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“Understanding Number Fields Through the Distributions of their Arithmetic Invariants”


Come join us Friday January 19, 2018 at 12 pm in RM 507, Professor Ila Varma (Columbia University) will be giving a special lecture about “Understanding Number Fields Through the Distributions of their Arithmetic Invariants”


The most fundamental objects in number theory are number fields, field

extensions of the rational numbers that are finite dimensional as

vector spaces over Q. Their arithmetic is governed heavily by

certain invariants such as the discriminant, Artin conductors, and the

class group; for example, the ring of integers inside a number field

has unique prime factorization if and only if its class group is

trivial. The behavior of these invariants is truly mysterious: it is

not known how many number fields there are having a given discriminant

or conductor, and it is an open conjecture dating back to Gauss as to

how many quadratic fields have trivial class group.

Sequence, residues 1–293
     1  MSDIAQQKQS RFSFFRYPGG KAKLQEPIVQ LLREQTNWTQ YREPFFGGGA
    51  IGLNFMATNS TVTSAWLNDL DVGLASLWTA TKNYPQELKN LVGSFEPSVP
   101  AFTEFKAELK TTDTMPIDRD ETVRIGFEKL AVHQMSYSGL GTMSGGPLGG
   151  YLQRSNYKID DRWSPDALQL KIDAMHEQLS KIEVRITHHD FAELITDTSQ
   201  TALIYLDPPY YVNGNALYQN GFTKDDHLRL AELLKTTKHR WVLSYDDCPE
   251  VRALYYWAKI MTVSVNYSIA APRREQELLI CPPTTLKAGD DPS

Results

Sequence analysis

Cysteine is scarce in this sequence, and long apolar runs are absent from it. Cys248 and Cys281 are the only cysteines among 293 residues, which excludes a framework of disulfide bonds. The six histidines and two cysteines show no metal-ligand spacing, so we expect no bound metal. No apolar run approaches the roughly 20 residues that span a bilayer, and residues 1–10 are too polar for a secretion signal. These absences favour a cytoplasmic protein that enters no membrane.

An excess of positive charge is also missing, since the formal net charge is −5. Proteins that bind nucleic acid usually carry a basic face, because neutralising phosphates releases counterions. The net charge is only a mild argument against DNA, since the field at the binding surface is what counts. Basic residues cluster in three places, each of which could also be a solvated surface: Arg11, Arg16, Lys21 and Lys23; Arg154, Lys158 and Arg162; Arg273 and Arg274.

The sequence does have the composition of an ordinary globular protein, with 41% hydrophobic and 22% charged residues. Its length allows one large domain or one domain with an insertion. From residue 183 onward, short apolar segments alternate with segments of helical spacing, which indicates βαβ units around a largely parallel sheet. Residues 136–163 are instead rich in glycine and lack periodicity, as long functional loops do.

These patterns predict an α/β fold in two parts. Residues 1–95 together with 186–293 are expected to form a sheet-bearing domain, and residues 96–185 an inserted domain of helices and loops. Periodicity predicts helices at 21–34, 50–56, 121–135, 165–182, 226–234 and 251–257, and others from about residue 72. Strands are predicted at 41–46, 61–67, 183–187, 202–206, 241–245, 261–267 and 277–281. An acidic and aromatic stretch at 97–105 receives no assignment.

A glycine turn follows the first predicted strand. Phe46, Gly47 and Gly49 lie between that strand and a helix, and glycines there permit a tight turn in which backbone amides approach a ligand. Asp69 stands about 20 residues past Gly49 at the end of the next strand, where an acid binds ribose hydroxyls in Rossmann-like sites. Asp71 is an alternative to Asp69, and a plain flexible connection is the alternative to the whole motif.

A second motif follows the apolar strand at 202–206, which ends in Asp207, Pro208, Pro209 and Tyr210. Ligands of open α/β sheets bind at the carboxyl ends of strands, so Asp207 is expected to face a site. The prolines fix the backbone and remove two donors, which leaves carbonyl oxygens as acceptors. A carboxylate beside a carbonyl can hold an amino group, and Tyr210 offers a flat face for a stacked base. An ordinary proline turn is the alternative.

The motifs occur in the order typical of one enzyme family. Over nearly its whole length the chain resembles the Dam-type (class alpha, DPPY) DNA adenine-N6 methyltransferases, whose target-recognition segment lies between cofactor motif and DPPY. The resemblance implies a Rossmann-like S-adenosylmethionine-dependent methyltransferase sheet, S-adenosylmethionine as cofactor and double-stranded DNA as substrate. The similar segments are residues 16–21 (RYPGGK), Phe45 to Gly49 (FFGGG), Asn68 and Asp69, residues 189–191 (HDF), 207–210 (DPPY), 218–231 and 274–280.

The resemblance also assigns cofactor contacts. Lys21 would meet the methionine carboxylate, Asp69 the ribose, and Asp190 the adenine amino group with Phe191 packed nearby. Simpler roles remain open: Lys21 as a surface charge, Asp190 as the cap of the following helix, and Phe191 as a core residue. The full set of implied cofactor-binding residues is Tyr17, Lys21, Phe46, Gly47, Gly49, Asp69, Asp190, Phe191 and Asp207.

Nonetheless, one may hope for statistical information regarding these

invariants of number fields, the most basic such question being “How

are such invariants distributed amongst number fields of degree d?”

To obtain more refined asymptotics, one may fix the Galois structure

of the number fields in question. There are many foundational

conjectures that predict the statistical behavior of these invariants

in such families; however, only a handful of unconditional results are

known. In this talk, I will describe a combination of algebraic,

analytic, and geometric methods to prove many new instances of these

conjectures, including some joint results with Altug, Bhargava, Ho,

Shankar, and Wilson.


Friday, January 19, 2018 at noon

Room 507, Mathematics Hall

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